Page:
Mok Gao Beef Noodles in Kulai, Malaysia has probably the best beef noodles in the entire Johor state, and we personally have not encountered any beef noodles in Singapore that have come close. They are so famous that the ‘dry’ version of their beef noodles is sold out by 8am on most days. If you come after 9am you will find your noodle selection severely limited to the less popular choices like beehoon (米粉 mǐ fěn).
Kulai is Sheryn’s hometown and it is located just above Johor Bahru. It only takes 30 minutes to get there by car from the Singapore-Johor Causeway.
Service and Ordering
This was not my first visit to Mok Gao Beef Noodles and it surely won’t be my last. If you are here for their best dishes, please try and get here by 7:30am. In the past we would usually only arrive after 9am as we can only drop by Kulai on weekends, and who really wants to wake up before 8am on weekends? Thankfully we had an opportunity to wake up early for certain other reasons and we gratefully got there in time for their famous ‘dry’ version of their beef noodles.
The service at Mok Gao is not very different from the usual hawker fare in Singapore. You find a seat and you approach the lady staff to place your order. They are all smiles and you can ask them anything you want about their famous beef noodles.
Here is a quick translation of the signs pasted on the wall in the picture above:
Pork noodles and beef noodles are available from 4:30am to 11am, while pork noodles and seafood noodles are available from 11am to 3pm. The top row of prices refers to their pork noodles, while the bottom row of prices refers to their beef noodles. The prices are in Malaysian Ringgit. Yes, it is RM7 for their smallest bowl of beef noodles and this is considered expensive by Malaysian standards. Their seafood noodles is priced at RM9.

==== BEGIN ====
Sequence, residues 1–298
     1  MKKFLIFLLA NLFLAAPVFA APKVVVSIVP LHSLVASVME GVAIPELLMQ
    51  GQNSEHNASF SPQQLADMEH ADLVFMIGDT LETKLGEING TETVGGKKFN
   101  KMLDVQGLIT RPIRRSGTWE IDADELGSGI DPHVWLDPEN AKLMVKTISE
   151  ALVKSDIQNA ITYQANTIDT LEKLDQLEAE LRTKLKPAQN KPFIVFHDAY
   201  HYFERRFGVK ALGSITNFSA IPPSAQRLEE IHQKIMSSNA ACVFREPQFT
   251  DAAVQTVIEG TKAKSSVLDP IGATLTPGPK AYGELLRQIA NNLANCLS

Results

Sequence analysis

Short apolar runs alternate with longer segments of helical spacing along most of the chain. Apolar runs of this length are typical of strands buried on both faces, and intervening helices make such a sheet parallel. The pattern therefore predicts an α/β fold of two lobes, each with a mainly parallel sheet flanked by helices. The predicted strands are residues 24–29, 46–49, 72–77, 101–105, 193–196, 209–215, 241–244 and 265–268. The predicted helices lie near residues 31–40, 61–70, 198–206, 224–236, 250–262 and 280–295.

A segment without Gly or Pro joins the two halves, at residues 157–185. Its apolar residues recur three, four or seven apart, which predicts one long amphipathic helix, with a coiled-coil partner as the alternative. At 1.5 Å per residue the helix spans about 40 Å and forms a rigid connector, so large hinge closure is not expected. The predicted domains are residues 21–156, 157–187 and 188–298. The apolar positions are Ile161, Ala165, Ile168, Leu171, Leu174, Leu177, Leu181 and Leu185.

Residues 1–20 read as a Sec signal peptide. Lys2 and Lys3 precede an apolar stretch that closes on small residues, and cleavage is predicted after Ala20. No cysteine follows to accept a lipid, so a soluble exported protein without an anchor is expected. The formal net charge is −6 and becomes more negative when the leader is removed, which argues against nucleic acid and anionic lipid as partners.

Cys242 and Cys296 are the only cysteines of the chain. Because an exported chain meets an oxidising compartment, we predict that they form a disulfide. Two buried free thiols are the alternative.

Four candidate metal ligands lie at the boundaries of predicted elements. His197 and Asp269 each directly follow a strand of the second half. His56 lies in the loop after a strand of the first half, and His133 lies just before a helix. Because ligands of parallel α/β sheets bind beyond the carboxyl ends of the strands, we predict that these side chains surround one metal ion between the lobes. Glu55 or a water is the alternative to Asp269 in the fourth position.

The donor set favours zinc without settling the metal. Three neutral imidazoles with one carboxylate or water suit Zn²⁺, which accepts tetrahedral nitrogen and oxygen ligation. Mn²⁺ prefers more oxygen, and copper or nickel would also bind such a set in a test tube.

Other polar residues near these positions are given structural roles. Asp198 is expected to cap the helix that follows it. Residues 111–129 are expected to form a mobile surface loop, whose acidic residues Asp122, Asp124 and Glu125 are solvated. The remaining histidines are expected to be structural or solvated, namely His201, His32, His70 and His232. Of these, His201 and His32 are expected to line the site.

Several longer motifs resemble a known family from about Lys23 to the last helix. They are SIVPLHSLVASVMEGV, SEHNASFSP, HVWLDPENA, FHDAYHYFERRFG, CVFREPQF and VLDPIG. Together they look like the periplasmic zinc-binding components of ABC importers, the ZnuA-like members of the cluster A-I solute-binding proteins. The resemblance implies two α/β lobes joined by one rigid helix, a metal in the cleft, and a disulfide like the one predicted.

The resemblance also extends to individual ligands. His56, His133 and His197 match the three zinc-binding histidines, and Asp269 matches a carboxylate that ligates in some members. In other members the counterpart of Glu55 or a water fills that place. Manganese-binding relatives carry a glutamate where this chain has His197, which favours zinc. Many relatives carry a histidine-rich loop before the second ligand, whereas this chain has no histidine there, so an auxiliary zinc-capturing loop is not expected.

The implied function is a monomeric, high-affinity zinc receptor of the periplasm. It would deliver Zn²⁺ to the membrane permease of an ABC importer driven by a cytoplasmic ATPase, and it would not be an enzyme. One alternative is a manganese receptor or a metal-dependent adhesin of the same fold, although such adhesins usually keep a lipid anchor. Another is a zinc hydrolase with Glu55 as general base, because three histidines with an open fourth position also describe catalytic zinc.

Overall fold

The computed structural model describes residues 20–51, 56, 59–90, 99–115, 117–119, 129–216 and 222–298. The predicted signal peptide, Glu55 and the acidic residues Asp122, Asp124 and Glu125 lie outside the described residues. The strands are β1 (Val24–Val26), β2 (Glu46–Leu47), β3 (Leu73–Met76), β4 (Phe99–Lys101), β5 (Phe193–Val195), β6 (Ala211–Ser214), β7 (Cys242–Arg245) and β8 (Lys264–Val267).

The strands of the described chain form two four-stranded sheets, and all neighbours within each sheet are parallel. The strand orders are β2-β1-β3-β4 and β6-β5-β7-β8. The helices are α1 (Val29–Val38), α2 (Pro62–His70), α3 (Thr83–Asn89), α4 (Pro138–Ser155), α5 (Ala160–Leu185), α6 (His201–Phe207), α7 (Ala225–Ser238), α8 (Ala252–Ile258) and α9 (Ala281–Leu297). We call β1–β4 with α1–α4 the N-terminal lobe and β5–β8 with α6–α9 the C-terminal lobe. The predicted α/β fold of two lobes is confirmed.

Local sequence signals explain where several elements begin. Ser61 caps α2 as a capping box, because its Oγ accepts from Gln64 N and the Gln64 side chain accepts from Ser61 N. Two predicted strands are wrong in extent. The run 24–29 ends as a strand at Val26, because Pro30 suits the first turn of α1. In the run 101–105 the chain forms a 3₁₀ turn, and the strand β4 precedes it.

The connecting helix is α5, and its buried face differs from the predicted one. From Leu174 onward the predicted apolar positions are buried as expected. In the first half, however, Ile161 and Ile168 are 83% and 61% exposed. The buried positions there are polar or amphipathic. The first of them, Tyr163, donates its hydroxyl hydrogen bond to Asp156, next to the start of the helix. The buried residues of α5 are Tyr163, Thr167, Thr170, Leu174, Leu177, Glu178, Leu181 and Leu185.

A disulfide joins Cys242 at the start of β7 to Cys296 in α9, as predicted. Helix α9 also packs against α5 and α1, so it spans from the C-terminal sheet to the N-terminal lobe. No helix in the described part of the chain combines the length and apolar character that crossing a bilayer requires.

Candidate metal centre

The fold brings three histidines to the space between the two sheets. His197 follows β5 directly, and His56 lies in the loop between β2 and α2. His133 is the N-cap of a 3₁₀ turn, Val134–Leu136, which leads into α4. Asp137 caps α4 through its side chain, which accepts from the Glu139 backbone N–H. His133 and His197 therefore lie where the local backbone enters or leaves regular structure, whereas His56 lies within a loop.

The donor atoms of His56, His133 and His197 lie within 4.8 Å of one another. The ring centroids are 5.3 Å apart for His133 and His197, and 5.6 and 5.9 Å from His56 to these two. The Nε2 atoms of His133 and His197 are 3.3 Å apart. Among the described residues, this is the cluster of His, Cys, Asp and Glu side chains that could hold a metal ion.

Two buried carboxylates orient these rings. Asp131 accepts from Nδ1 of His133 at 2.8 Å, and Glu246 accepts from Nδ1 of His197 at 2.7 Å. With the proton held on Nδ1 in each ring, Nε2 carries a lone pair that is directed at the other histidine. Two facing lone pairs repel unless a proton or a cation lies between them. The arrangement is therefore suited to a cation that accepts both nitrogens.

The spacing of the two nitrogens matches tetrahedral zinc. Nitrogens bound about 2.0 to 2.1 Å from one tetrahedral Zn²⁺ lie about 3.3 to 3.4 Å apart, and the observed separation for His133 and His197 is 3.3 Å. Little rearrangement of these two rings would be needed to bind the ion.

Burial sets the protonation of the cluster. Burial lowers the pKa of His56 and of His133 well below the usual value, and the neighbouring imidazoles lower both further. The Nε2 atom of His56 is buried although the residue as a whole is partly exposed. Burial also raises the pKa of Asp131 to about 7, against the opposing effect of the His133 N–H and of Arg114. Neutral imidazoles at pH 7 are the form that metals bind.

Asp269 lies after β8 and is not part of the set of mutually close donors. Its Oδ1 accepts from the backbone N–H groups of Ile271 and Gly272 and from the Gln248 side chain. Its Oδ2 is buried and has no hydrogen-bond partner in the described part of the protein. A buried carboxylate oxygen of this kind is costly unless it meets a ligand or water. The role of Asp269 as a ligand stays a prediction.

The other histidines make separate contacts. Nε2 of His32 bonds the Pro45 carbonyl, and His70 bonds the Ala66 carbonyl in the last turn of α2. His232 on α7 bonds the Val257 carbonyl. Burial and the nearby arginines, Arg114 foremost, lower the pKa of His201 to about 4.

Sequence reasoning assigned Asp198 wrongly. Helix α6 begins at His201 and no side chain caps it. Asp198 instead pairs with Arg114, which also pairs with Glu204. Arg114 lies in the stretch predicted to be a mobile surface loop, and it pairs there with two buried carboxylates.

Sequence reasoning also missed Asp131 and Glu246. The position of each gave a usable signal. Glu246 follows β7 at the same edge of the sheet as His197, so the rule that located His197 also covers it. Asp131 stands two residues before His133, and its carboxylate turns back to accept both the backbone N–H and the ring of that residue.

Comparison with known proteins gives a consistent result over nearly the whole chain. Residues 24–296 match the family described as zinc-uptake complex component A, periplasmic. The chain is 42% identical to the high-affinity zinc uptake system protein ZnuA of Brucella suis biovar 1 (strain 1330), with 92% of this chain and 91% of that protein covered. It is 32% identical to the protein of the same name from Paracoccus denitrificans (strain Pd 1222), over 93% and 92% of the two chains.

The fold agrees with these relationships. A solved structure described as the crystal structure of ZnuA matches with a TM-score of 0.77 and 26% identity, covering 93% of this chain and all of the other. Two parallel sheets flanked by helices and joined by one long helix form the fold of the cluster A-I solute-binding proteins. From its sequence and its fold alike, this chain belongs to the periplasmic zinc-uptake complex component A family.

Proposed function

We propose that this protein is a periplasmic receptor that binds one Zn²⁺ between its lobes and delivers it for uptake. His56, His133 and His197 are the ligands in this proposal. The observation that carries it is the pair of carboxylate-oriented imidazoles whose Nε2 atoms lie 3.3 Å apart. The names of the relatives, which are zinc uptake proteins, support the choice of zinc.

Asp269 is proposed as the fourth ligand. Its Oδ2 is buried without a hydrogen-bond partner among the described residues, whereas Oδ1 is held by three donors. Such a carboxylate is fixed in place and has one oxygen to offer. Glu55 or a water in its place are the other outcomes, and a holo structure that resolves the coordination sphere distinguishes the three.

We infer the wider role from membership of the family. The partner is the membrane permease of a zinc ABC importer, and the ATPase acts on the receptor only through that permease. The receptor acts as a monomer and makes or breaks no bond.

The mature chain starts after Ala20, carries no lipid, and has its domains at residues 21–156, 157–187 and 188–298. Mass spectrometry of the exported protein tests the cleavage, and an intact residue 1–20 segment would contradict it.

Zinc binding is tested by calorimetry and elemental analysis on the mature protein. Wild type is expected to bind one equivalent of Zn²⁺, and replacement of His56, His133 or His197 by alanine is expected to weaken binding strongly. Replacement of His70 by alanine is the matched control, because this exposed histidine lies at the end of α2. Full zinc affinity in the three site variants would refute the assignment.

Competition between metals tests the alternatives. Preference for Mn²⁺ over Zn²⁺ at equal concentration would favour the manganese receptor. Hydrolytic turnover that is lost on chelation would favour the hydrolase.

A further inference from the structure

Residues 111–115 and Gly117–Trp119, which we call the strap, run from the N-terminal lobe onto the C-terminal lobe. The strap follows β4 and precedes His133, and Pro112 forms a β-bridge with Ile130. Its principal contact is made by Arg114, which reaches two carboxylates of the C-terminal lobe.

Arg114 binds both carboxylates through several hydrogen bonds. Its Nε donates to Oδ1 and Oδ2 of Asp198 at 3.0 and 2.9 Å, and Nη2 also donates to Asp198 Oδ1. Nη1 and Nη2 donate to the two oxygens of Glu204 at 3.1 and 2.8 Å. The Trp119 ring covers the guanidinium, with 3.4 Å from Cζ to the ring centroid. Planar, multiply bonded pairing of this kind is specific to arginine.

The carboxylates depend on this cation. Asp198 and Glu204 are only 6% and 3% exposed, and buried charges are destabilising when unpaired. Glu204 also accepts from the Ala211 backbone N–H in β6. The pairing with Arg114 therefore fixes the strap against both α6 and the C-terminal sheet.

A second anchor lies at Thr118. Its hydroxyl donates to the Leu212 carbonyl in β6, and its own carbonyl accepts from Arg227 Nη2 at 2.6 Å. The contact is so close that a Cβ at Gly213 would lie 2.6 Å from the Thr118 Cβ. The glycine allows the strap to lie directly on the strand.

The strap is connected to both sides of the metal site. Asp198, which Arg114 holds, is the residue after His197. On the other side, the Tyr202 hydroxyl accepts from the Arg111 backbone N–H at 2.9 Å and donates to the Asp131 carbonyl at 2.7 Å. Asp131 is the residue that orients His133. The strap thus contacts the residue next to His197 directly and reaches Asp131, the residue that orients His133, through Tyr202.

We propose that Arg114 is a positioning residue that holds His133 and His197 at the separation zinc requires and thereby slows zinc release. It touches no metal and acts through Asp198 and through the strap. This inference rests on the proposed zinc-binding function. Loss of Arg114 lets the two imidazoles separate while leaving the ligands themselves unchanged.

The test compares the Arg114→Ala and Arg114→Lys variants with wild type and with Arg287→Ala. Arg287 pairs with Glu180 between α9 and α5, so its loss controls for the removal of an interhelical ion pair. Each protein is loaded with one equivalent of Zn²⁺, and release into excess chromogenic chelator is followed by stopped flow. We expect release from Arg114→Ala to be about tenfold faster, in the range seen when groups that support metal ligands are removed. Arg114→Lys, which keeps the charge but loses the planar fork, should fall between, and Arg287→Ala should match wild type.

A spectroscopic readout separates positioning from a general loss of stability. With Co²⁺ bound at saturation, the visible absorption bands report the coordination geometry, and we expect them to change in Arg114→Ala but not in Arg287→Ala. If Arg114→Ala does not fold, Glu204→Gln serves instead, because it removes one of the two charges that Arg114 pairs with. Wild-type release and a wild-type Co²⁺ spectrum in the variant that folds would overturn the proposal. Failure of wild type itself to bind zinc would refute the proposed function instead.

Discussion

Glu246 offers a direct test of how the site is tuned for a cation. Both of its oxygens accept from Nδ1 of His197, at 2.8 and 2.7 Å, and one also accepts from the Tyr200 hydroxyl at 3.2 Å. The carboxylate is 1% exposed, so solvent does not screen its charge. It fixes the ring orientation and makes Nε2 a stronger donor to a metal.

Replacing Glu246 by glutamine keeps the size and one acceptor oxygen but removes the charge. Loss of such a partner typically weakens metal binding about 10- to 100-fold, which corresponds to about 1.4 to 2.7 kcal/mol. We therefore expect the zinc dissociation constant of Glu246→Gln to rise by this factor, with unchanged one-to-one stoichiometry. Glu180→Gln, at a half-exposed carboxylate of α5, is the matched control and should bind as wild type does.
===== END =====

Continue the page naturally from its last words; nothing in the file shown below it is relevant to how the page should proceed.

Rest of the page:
Mok Gao Beef Noodles
These are probably one of the most tender and delicious beef slices that you would have ever eaten in your whole life. The beef literally melts in your mouth and the included Malaysian savoury black sauce tastes delicious together with the beef and noodles. They also provide a very satisfying small bowl soup that is served separately if you order the dry version of their beef noodles. If I were to compare this with Hong Kong’s Kau Kee Beef Brisket Noodles it would be a really close fight. Mok Gao wins with its beef and black sauce while Kau Kee wins with its soup and noodles. We rate Mok Gao’s dry beef noodles 4.5/5.
The picture shows their small serving size and you can see there is still an ample amount of beef. I personally prefer yellow noodles (黄面 huáng miàn) and Sheryn prefers kway teow (粿条 guǒ tiáo). They have a wide selection of noodles to choose from as long as you come early enough. Also, if animal organs are not your cup of tea you may wish to exclude them (e.g. beef tripe or intestines) when you make your order.
Please note that if you wish to try the dry version of their noodles you must come before 8am. On weekends you may want to come even earlier, say before 730am. If you come any later they may have possibly run out of the dry version and you would have to settle for their less satisfying wet version.
I had previously eaten at Mok Gao Beef Noodles on a number of occasions – at least three or four times. However, I was only able to get the soup version of their beef noodles as I would never arrive before 9am. Also, there were times when only their beehoon noodles were left and I was really sad. On this one time that I was able to try their super delicious dry beef noodles with the yellow noodles or kway teow, I must say that I was very impressed with the high culinary standard attained by this nondescript food place without a proper signboard.
If you are a fan of beef noodles you must make the obligatory pilgrimage to Mok Gao.